Dialectical Journals


The Overview of the Journals

You are being graded for your dialectical journals over the novel, not just annotating the novel. The How to Read work should help you in the creation of your journals.


The term “Dialectic” means “the art or practice of arriving at the truth by using conversation involving question and answer.” Think of your dialectical journal as a series of conversations with your summer reading book. The process is meant to help you develop a better understanding of the texts we read. Use your journal to incorporate your personal responses to the texts. You will find that it is a useful way to process what you are reading, prepare yourself for group discussion, and gather textual evidence for your Literary Analysis assignments.


Use your HARDBOUND COMPOSITION BOOK. No exceptions to this. Neatness in this journal is absolutely essential

(AP Exam readers must be able to read your ideas without difficulty) Your journal should be free of drawings and doodles, and must have good titles and clear demarcations. It must be hand written.


Divide your pages into two columns. Head the Left-hand column as “note taking” and the Right-hand column as “note making.”

§ As you read, choose passages that stand out to you and record them in the left-hand column of your T-chart (ALWAYS include page numbers). Cite the source according to MLA : “quote” (author page).

Do not make a separate column for pages numbers as in some sample journals.

§ In the right column, write your response to the text (ideas/insights, questions, reflections, and comments on each passage)


( use How to Read…Like a Professor for topics to get you started. )

In addition, look for quotes that seem significant, powerful, thought provoking or puzzling. For example, you might record:

§ Effective &/or creative use of stylistic or literary devices

§ Passages that remind you of your own life or something you’ve seen before

§ Structural shifts or turns in the plot

§ A passage that makes you realize something you hadn’t seen before

§ Examples of patterns: recurring images, ideas, colors, symbols or motifs.

§ Passages with confusing language or unfamiliar vocabulary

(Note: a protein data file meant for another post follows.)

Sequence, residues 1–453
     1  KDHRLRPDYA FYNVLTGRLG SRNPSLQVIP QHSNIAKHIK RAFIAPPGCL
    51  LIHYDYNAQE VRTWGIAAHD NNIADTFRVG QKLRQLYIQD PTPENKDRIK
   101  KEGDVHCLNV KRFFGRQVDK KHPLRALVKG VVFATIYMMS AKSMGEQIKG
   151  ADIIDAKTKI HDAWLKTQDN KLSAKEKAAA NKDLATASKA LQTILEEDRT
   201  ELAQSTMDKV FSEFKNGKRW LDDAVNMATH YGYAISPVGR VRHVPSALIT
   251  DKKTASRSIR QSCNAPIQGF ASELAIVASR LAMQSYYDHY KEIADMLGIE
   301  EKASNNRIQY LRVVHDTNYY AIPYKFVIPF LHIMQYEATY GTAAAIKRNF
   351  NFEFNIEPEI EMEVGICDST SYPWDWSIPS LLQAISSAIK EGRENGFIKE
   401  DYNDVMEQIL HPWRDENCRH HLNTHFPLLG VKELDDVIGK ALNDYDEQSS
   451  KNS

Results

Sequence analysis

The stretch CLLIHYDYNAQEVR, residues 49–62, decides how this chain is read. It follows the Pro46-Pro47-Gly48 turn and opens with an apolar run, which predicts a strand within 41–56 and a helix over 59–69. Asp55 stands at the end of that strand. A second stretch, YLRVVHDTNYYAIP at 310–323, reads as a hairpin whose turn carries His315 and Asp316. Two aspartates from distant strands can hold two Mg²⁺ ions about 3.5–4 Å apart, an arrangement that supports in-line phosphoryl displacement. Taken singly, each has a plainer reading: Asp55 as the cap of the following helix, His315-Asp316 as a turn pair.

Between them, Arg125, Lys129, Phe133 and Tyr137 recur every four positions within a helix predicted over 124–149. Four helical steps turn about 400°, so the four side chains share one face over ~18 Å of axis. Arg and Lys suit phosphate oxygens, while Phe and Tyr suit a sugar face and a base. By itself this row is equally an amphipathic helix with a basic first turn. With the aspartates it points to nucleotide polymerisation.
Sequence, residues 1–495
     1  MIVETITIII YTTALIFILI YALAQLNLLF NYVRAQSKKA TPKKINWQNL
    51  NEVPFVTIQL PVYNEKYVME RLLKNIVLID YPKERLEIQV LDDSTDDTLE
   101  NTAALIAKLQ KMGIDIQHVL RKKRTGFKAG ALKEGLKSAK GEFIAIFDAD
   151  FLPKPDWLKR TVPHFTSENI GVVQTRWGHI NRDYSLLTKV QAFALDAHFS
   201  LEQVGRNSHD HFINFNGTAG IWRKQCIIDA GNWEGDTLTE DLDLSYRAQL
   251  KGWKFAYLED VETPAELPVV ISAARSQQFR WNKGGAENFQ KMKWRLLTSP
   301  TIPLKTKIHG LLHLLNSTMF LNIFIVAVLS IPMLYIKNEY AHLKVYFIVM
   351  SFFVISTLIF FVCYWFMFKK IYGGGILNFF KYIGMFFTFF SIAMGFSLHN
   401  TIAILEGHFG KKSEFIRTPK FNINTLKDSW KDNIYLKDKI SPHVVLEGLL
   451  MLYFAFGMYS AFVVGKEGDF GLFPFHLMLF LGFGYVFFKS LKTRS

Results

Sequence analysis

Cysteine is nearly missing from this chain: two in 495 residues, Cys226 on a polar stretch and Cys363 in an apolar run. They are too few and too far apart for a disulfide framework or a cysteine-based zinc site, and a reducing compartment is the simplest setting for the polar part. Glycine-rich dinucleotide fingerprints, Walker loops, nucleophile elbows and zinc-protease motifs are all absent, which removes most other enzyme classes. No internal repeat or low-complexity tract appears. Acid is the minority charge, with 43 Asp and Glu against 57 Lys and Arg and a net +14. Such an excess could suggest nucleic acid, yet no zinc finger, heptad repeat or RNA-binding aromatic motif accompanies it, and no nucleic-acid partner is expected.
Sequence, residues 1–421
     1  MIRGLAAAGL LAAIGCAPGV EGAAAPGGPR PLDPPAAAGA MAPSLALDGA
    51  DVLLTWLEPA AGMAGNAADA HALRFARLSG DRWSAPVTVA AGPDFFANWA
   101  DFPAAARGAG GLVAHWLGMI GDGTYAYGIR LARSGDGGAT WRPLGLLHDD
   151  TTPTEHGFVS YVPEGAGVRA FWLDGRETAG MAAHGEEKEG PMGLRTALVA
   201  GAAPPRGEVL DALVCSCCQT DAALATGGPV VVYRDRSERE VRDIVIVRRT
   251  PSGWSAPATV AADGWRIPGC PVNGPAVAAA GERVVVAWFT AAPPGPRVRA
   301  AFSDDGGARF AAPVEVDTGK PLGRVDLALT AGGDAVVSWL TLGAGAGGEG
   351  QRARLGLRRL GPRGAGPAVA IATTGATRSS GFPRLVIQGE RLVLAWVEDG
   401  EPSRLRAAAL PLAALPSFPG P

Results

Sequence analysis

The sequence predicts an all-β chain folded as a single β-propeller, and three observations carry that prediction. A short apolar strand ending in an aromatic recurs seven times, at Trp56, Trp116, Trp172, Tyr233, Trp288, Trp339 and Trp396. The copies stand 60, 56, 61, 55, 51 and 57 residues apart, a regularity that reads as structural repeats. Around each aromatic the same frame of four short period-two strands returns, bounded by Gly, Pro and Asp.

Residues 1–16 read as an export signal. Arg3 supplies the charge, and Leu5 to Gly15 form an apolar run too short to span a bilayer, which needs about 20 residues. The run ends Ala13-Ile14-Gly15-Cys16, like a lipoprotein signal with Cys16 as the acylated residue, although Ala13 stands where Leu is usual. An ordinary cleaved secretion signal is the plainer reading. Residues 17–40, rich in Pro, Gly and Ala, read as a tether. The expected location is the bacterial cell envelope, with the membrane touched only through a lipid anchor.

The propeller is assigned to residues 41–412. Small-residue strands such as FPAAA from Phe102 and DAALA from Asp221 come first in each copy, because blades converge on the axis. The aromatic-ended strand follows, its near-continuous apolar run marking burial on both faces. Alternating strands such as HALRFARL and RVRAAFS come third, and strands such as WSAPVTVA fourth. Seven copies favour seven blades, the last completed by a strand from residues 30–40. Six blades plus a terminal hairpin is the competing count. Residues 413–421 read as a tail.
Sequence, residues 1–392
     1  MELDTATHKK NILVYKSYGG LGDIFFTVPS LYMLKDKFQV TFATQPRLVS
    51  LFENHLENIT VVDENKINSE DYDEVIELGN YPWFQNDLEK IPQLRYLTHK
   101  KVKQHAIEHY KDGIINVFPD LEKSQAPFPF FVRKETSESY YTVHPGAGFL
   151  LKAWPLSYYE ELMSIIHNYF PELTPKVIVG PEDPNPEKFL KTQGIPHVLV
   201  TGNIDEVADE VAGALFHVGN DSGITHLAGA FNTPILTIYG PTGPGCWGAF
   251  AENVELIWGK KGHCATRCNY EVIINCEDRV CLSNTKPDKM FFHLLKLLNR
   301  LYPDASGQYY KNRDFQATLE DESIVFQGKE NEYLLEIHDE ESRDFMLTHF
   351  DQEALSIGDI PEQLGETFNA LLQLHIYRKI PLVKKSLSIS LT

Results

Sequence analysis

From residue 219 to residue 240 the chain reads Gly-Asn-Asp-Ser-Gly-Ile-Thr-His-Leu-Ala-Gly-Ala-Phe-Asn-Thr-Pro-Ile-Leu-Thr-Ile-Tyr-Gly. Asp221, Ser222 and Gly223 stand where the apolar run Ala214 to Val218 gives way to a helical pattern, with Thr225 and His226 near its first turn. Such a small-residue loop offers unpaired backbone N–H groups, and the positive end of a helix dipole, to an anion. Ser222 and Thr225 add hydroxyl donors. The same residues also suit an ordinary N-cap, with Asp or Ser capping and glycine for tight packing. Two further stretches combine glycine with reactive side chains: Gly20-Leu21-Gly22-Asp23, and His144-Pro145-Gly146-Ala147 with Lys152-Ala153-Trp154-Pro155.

§ Events you find surprising or confusing

§ Passages that illustrate a particular character or setting


You can respond to the text in a variety of ways. The most important thing to remember is that your observations should be specific and detailed. As an “APer”, your journal should be made up of 25% Basic Responses and 75% Higher Level Responses. Generally each response should be at least 5 sentences and should include your analysis of the literary techniques present in the quotations, the author’s attitude, purpose or tone, and relation to personal experience.

Show that you have read the entire book by responding to the novel from the first to the last page. Make sure that you note the page number for the quotes.

Basic Responses

  • Raise questions about the beliefs and values implied in the text
  • Give your personal reactions to the passage
  • Discuss the words, ideas, or actions of the author or character(s)
  • Tell what it reminds you of from your own experiences
  • Write about what it makes you think or feel
  • Agree or disagree with a character or the author

Higher Level Responses

  • Analyze the text for use of literary devices (tone, structure, style, imagery)
  • Make connections between different characters or events in the text
  • Make connections to a different text (or film, song, etc…)
  • Discuss the words, ideas, or actions of the author or character(s)
  • Consider an event or description from the perspective of a different character
  • Analyze a passage and its relationship to the story as a whole